But the mental pressure cannot but have been considerable, since no term was set to the period of banishment, and little or no news was available as to the fate of family or friends.

Old portrait photos are all the moving when we consider the troubled stories behind people’s lives (intellectuals, urban and rural dwellers alike) under Maoism, as evoked by films like The blue kite and To live (see also my tribute to Li Jin). Craig’s aperçu about Wang Shixiang’s renewed energy in the 1980s, “as if making up for lost time”, also resounds in both Chinese music studies and folk culture. Meanwhile, a discreet amnesia took over.

ZGYYSTJFrom 1986 I used to visit Yuan Quanyou in her office at the dilapidated yet numinous MRI compound at Dongzhimenwai, her beaming face greeting me between high stacks of ancient documents. There, with unassuming industry she was still producing further volumes in the MRI’s wonderful annotated series of iconographical collections on Chinese music history, such as the 1988 Zhongguo yinyueshi tujian 中国音乐史图鉴 [Illustrated history of Chinese music].

Even as my interests were moving from Tang history to the modern transmission of folk culture, I relished her detailed article on the medieval konghou harp.

Remarkably, after the end of the Cultural Revolution Wang Shixiang had managed to reclaim much of their precious collection of Ming and Qing furniture and artefacts. By the 1990s he and his wife began the process of bequeathing it to the Shanghai Museum, where it now forms a major and prestigious exhibit.

With her calm acuity and beautiful accent, Yuan Quanyou exemplified the refined virtues of old Beijing. She was closely involved in the remarkable work documenting the history and changing performance practice of the qin zither—including research on the 1425 Handbook of spiritual and marvellous mysteries (Shenqi mipu, aka Wondrous and secret notation), most numinous of all tablatures for the qin, compiled by the Emaciated Immortal (as the early Ming prince Zhu Quan styled himself).

Now, this may hardly atone for my recent challenge to the mystique of the qin, but I treasure the precious copy of the 1956 reprint of the 1425 score that Yuan Quanyou inscribed to me in her elegant calligraphy in 1987, for me to “study and practise”.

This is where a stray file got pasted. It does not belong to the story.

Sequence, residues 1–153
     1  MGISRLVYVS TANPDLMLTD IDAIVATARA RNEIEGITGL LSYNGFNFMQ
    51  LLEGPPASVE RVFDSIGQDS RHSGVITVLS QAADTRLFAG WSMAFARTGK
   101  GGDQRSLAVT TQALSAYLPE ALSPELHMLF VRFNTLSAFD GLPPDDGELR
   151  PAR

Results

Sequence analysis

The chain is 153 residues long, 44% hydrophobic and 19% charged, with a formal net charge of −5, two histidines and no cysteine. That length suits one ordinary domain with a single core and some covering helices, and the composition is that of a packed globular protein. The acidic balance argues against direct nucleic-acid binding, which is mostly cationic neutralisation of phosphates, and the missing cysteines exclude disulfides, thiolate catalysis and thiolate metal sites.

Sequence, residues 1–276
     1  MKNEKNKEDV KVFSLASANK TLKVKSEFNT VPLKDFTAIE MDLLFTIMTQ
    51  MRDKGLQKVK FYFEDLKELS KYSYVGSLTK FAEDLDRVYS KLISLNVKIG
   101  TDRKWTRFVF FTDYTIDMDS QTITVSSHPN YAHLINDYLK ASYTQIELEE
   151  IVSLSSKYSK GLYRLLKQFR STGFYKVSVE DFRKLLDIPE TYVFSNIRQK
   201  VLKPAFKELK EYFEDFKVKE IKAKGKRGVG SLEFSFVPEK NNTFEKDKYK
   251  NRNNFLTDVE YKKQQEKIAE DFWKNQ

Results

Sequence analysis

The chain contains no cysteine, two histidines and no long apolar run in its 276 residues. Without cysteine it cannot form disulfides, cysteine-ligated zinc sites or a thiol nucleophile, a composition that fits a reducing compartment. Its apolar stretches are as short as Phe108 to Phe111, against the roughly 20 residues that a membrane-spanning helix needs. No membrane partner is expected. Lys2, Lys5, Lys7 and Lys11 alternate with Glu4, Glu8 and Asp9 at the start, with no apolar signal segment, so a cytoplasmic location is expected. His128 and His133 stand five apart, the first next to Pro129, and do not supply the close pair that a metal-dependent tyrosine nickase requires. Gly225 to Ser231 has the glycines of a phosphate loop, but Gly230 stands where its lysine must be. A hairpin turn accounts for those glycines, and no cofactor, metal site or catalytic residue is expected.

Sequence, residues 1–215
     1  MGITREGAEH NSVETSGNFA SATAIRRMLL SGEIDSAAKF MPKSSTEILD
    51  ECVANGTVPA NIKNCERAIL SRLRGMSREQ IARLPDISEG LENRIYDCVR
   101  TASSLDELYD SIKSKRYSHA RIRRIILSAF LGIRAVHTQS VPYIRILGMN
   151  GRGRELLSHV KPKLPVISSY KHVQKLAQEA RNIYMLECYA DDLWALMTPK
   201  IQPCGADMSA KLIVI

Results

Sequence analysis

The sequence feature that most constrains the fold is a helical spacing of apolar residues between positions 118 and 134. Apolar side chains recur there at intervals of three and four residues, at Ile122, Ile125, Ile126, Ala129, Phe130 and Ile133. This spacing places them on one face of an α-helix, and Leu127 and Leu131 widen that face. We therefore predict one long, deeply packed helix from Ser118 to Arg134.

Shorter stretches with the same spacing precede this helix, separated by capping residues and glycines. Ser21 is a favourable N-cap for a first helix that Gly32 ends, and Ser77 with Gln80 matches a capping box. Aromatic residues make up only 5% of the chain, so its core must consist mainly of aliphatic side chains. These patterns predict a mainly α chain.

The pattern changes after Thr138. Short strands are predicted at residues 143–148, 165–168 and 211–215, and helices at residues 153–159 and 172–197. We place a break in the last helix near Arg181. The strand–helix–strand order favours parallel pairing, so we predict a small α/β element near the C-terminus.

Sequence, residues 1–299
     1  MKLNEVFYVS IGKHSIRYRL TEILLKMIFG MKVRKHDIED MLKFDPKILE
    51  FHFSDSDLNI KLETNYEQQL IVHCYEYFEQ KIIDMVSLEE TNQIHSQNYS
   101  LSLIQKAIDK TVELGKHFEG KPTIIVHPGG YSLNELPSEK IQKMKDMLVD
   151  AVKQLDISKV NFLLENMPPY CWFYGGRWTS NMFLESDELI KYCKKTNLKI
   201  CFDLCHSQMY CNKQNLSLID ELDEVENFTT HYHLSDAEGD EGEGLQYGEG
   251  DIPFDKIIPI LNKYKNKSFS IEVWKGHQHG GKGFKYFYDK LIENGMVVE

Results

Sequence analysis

SQMP

BTW, having chosen that lower page rather casually (mainly for the numinous Daoist title “Zhuangzi dreams he is a butterfly”), I now find myself moved by Zhu Quan’s wisdom—in utter contrast to the “living fossils” flummery of recent years, culminating in the befuddled Intangible Cultural Heritage. The opening of his introduction reads:

The Emaciated Immortal says: “The ancient version of this piece has long since been lost.”

These days it’s all “The ancient version of this piece has been transmitted continuously for 2,000 years.” [Expletives deleted—Ed.].

Jinfeixibi 今非昔比 (“Things ain’t what they used to be”), as Li Manshan reflects at the end of our film.

Wang and Yuan later

 

[1] See https://www.academia.edu/34156645/The_Apollo_Portrait_Wang_Shixiang_Apollo_127_November_1987_pp._350-1, and https://www.academia.edu/34156683/_Wang_Shixiang_Spiritual_Resonance_and_the_Ten_Thousand_Things_in_Fariba_de_Bruin-Derakhshani_and_Barbara_Murray_eds._The_2003_Prince_Claus_Fund_Awards_The_Hague_2003_pp._17-23. Among many other reports, see e.g. http://www.china.org.cn/english/NM-e/170145.htm and this tribute from Yuan’s granddaughter: https://kknews.cc/culture/2ao24jz.html, with further lovely old photos.

[2] For an English introduction to the (pre-ICH) Beijing Guqin Research Association, successor to the Beiping qin society, see Cheng Yu, “The precarious state of the qin in contemporary China”, CHIME 10–11 (1997).